By Randy Blackaby
More and more young Christians are going to dances. Fewer parents stop them from doing so. And despite sex education that begins in kindergarten, nearly everyone feigns ignorance about what’s wrong with dancing.
Are parents and children really this lacking in under-standing? Do we really fail to see the impact of males and females moving together in close embrace or gyrating be-fore one another to the beat of seductive music? Are we blind to how some dance movements imitate the motions of the sex act itself?
Impudent or offended voices demand, “Show me in the Bible where it says not to dance!” Does the Bible say all dancing is sinful? Well, actually, no it doesn’t. Jephthah’s daughter danced alone (Judg. 11:34). You fmd Jewish women dancing alone in celebration (Exod. 15:20-21). More women are mentioned dancing alone in Judges 21:19. There are women recorded as dancing in celebration of King David’s victory (1 Sam. 18:6). David himself danced before the ark of God (2 Sam. 30:16). The Bible mentions a group of soldiers dancing (1 Sam. 30:16). Solomon recognized a time for dancing, in contrast with a time for mourning (Eccl. 3:4). The prophet foretells a time when joyous dancing will be the result of God’s work (Jer. 31:13). Dancing even appears to have been a form of praise to God in Old Testament times (Pss. 149:3; 150:4). Dancing was part of the celebration upon the return of the prodigal son (Luke 15:25).
So, if women want to dance with one another in celebration, we probably ought to be silent about it. If male soldiers gleefully dance and shout over a victory, no condemnation likely is needed.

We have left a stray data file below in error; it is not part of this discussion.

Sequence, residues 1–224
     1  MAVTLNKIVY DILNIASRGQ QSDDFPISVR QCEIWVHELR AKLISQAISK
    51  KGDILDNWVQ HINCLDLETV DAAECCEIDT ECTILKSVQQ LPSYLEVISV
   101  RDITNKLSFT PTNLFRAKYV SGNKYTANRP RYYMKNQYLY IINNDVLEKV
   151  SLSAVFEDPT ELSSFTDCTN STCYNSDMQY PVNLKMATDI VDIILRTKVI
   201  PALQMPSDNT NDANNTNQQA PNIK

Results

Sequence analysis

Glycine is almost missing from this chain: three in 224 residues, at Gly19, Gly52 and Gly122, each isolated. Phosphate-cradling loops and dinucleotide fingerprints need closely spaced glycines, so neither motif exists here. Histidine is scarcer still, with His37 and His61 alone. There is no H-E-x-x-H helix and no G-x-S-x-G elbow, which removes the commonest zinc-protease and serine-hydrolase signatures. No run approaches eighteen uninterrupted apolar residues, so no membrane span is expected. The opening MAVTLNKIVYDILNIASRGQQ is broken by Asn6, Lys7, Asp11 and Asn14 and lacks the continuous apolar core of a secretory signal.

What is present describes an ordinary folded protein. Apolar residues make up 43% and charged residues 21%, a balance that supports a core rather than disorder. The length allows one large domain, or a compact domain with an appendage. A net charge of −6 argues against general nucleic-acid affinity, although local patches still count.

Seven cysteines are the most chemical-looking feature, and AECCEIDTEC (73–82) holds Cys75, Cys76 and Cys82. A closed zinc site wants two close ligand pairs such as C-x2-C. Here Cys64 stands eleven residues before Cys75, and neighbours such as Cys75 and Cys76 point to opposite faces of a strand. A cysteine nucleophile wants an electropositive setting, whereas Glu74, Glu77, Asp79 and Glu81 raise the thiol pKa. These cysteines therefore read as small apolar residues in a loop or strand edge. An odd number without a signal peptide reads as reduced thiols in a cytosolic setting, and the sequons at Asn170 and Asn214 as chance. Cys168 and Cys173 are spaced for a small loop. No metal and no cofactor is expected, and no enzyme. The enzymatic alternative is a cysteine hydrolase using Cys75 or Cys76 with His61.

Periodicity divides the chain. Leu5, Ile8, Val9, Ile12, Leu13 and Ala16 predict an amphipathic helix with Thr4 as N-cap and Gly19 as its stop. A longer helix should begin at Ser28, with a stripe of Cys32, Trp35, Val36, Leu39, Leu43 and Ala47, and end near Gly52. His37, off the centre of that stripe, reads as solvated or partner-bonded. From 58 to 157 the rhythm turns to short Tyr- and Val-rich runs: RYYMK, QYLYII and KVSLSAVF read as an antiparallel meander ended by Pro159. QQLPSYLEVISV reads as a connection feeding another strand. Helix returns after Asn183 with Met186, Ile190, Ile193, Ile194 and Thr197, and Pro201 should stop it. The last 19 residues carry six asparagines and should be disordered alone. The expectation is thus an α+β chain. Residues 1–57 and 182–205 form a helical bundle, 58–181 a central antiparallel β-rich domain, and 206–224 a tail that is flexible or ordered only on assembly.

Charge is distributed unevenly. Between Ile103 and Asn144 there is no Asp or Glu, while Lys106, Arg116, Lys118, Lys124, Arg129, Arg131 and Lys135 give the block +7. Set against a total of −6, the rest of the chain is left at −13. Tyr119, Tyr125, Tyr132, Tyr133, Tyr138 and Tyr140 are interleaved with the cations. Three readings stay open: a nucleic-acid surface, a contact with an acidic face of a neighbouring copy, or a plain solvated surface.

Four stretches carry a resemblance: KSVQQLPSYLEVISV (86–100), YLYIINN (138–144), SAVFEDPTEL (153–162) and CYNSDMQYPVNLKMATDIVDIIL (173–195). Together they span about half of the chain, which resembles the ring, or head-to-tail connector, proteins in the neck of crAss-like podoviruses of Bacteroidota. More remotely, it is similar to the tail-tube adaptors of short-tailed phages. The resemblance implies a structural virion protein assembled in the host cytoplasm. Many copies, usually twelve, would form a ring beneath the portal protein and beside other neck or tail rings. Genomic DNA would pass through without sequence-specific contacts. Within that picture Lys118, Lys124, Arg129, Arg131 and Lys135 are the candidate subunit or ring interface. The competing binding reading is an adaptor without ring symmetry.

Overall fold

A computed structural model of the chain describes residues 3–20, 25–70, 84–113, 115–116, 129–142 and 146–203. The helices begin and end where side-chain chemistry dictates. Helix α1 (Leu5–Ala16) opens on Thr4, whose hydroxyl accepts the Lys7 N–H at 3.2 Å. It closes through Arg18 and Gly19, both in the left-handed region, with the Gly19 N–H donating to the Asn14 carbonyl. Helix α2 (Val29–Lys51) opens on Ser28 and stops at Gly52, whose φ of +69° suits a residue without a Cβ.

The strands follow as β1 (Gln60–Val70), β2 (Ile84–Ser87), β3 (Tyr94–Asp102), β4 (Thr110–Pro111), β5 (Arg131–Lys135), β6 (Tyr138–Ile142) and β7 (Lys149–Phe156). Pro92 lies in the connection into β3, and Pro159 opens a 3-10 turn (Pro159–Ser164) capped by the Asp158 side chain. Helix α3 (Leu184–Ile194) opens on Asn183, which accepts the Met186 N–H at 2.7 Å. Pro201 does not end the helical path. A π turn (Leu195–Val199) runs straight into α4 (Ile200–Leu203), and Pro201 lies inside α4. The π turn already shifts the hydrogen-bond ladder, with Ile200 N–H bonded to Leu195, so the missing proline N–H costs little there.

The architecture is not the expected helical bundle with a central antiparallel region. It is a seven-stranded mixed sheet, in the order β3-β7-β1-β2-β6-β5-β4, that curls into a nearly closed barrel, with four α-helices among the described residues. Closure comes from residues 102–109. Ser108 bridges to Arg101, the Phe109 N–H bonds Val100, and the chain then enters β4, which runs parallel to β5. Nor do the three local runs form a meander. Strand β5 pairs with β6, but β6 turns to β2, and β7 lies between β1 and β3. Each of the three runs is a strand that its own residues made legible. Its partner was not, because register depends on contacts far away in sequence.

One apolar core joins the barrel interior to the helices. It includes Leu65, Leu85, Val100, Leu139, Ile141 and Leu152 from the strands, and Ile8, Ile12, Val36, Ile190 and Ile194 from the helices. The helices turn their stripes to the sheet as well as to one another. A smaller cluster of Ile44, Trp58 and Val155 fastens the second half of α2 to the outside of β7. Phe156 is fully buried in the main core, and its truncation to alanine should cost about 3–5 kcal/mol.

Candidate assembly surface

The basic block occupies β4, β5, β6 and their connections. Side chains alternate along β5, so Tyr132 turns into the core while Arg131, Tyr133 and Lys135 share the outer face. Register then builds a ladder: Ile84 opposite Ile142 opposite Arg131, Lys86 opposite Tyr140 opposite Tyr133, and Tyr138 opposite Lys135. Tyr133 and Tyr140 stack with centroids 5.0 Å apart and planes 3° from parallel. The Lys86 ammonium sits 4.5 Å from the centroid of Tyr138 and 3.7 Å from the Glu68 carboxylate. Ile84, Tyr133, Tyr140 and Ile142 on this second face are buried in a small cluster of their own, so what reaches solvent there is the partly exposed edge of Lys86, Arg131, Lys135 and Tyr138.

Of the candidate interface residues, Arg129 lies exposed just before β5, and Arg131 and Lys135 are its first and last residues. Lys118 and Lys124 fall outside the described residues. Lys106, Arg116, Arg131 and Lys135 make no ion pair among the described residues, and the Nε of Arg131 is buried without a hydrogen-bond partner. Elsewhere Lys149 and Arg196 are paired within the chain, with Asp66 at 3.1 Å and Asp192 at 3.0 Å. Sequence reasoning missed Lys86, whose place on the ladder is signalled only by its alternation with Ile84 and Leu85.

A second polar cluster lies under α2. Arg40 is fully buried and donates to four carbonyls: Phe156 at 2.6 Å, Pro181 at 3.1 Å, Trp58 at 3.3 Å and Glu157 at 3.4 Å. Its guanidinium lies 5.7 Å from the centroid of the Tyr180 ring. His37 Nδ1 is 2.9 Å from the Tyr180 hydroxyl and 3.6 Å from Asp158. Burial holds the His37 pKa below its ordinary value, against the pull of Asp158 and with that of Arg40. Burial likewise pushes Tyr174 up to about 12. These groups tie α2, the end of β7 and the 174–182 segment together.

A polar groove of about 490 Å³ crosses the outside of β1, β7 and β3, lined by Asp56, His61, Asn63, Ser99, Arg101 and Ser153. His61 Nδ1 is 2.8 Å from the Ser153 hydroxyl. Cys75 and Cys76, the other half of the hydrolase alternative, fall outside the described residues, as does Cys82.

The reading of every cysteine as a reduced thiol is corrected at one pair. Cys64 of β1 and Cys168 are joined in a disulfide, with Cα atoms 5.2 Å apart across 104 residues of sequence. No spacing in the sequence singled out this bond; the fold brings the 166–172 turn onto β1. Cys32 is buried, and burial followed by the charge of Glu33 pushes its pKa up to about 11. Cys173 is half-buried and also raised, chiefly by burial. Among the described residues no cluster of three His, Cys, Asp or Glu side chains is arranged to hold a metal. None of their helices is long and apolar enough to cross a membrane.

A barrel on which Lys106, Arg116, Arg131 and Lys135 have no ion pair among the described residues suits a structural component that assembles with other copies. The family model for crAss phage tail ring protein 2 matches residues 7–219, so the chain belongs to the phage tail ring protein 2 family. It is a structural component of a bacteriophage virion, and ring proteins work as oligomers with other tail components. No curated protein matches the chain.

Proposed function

But notice in all the Bible’s condoned accounts of dancing that males and females didn’t dance together. The purpose of the dancing was celebration or praise or even worship of God. In these dances, as contrasted with the dance of Herodias’ daughter (Matt. 14:6), there was no sexual element.
It is true that the Bible doesn’t say “thou shalt not dance.” But in Galatians 5:19-21 licentiousness or lasciviousness is condemned. These words describe behavior of any sort that exhibits a lack of restraint, indecency, unchastity, lewdness, or shameless behavior.
The same verses also condemn “revelry,” or partying accompanied by drinking, a common addendum at places of dancing.
Is it really that difficult to see that most of today’s dancing is designed to arouse emotions and physical reactions which God tells us to control and utilize only within the circle of marriage?
Ask yourself, what really is the purpose of men and women, boys and girls dancing together?
Curt Sachs, writing in World History of Dance, describes dancing as an art form to ex-press love-malting. For this reason the steps and positions are designed to bring into physical contact those parts of a man and woman which are most sexually sensitive. Movements are de-signed to be visually stimulating sexually.
The Bible doesn’t condemn a man dancing with his wife in the privacy of their home. But it does condemn “lusting” after a woman. It forbids committing fornication or adultery. So, it would seem ludicrous to participate in an act with someone not your spouse that would arouse the very feelings that lead to all three of these sins.
Can a person go to a dance if he or she doesn’t dance? Answer this question by deciding whether Jesus would show up there for any purpose other than giving a stern condemnation. Whether it is righteous to dance or not is an issue, like smoking, drug use, or playing the lottery, that must be decided on general principles of righteous conduct enumerated in Scripture.
Guardian of Truth XL: No. 17, p. 15
September 5, 1996